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Lacey Wilfong gets some words of encouragement from Shone Stagg of Monmouth before showing her lambs in the sheep market show at the Polk County Fair Friday.
August 14, 2012
RICKREALL -- In a noisy barn full of bleating sheep and buzzing wool clippers, Lacey Wilfong waits ever patiently for her lambs' turn in the judging ring at the Polk County Fair.
She's raised two Hampshire-Suffolk cross lambs, Pete and Monster, since they were tiny, spending hours feeding, grooming and training them.
That's no different from any other 4-H or FFA member who brought their animals to the fair -- except 12-year-old Lacey did all that from a wheelchair.
Lacey Wilfong has cerebral palsy, which leaves her wheelchair-bound and unable to speak.
While she understands perfectly, Lacey has to use sign language or other nonverbal signals to communicate.
One, however, needs no translation: the enormous smile that spreads across her face when her lambs are mentioned. It speaks of the dedication she has for the endeavor -- and the fun she has doing it.
"I'm extremely proud of her," said Lacey's mom, Trisha Wilfong. "I think she's come a long way and learned a lot."
Pete and Monster are Lacey's second pair of lambs. Her family lives on a farm outside Monmouth with plenty of animals. But two years ago, Lacey decided she wanted some of her own. She decided to join 4-H and raise lambs because they would be a challenge, while still manageable.
"They are a little easier," Trisha Wilfong said. "She didn't want to do something like a rabbit. She wanted to do a market animal that she could make money off of, and sheep are a little easier to handle than a steer."
Lacey has help from her little sister, Carolyn, and her neighbors in caring for the lambs. But much of the feeding and training is her responsibility.
She taught Monster and Pete to walk beside her wheelchair -- not ahead of it -- so she can handle them.
"She will feed them early in the morning and in the evening she will work with them," Trisha Wilfong said. "It could be just walking them or holding and petting them -- letting them get used to her. The closer it gets to fair, the more she works with them."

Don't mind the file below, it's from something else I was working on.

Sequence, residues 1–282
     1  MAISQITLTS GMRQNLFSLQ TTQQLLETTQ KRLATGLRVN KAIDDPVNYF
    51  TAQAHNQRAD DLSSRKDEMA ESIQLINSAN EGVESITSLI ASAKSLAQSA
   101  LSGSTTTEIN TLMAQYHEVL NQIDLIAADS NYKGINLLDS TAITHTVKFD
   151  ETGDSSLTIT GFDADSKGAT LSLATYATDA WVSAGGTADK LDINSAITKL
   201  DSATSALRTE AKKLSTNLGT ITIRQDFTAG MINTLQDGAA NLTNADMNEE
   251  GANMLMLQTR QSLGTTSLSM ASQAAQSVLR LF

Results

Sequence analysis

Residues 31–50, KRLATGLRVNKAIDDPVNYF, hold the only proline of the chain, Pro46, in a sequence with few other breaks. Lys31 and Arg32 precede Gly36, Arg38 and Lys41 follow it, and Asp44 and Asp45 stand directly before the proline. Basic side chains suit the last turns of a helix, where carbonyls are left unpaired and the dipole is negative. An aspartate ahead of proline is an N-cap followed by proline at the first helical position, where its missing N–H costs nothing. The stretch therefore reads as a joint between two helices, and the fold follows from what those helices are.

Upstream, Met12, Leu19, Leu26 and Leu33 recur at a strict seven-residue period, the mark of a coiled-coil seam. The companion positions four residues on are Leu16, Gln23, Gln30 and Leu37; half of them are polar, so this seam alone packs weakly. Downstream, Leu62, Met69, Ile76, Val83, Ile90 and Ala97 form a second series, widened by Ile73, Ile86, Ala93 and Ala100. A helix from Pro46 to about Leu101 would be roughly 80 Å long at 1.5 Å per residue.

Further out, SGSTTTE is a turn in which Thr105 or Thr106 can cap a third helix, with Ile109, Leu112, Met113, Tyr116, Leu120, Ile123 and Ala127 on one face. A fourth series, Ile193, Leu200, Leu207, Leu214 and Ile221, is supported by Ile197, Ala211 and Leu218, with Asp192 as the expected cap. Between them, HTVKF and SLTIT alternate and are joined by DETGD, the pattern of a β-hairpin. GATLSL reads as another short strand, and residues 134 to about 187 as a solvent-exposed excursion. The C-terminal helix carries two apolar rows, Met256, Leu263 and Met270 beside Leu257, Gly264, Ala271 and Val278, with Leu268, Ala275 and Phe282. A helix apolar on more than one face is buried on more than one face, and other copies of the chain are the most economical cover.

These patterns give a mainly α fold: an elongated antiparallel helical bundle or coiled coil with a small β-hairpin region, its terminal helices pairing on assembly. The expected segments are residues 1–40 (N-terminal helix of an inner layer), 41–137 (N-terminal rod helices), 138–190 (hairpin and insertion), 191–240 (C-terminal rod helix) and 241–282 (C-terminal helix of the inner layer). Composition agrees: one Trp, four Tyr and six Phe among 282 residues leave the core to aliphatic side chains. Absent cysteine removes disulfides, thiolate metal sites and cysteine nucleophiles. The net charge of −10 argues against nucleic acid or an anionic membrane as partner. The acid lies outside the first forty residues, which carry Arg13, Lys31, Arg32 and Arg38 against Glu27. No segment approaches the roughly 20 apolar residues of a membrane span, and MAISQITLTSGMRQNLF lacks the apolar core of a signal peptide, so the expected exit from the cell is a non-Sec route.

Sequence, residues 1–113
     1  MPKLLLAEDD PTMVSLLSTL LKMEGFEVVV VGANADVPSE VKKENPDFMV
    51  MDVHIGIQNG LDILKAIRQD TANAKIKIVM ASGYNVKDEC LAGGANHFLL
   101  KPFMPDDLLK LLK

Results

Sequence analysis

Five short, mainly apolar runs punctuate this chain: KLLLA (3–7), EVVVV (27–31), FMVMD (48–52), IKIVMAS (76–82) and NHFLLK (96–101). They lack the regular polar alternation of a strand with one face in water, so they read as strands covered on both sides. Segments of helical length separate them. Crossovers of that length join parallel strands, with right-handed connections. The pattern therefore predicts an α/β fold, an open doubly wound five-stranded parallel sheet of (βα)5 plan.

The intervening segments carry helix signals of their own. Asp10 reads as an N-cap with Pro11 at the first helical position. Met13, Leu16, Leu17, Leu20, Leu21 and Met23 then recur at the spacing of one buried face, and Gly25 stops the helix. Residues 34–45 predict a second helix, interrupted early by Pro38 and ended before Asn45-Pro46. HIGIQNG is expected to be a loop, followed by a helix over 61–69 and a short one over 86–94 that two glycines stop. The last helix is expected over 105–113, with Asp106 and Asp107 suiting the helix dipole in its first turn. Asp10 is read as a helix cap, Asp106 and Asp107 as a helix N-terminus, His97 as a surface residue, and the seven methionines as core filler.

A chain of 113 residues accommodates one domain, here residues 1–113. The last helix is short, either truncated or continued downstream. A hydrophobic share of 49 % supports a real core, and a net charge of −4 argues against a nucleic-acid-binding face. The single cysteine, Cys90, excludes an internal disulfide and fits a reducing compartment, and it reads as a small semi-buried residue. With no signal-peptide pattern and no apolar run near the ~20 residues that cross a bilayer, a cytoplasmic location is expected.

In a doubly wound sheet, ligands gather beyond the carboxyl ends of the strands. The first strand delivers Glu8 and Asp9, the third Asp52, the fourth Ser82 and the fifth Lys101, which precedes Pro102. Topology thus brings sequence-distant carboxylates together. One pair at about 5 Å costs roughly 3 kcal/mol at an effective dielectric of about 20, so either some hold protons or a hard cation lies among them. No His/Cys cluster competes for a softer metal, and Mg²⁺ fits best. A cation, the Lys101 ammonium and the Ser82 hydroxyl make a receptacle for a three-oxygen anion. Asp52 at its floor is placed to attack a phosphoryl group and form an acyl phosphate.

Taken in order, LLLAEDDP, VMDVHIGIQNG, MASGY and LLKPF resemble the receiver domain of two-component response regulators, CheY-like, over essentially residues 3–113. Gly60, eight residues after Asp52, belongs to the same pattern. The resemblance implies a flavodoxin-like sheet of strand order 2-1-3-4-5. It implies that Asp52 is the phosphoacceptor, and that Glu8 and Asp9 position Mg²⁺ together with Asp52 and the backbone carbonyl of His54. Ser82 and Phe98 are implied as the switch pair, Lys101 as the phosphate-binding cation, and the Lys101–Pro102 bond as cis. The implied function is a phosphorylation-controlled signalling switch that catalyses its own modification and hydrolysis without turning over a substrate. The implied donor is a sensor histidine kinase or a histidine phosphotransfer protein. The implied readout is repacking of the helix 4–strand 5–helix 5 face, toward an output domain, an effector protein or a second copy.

Her first pair of sheep were a success at the 2011 county fair.
One placed third overall in the market category and she made money at the annual fair youth livestock market auction.
"She learned the better job you do on the lambs throughout the year, the more money you are going to get at the auction," Trisha Wilfong said. "The kids learn a lot of responsibility."
At fair this year she had help showing her lambs for the market class judge. Her neighbors, Shayne and Shyane White, took them around the ring while Lacey watched from inside the ring. In the showmanship class, Lacey took one of her lambs in the ring herself, with the use of a halter.
Dana Toma, the leader of Lacey's 4-H club, Trendsetters, said she's impressed with Lacey's determination and her family's support.
"She's working to the best of her ability, that is all that is required," Toma said, adding that Lacey's success is a model for other children who may feel they can't participate due to a disability. "I admire her mother for helping break some of those barriers."
Wilfong said her daughter also has grown as a result of raising her own lambs.
"I think it's shown her that she can do a lot of the same things other kids do," Wilfong said.
Shayne said her family was excited to find out that Lacey wanted to raise lambs for the fair. Her family also raises sheep and Lacey bought her lambs from the Whites, who help Lacey care for them. She notes, however, that Lacey has final say every step of the way.
"We are pretty proud of Lacey for doing this," Shayne said.
As Lacey and her family waited for the market show on Thursday, Wilfong said her daughter was confident in Pete and Monster.
"We expect them to do pretty well," she said.
She was right. Both sheep received blue ribbons, with Pete placing second in his market class and Monster taking sixth.
At Saturday's livestock auction, the lambswere purchased for a combined $8 per pound.
"She has enough money to buy her lambs and pay for their feed for next year," Wilfong said, adding that her daughter didn't give a second thought to continuing.
"She really enjoys it."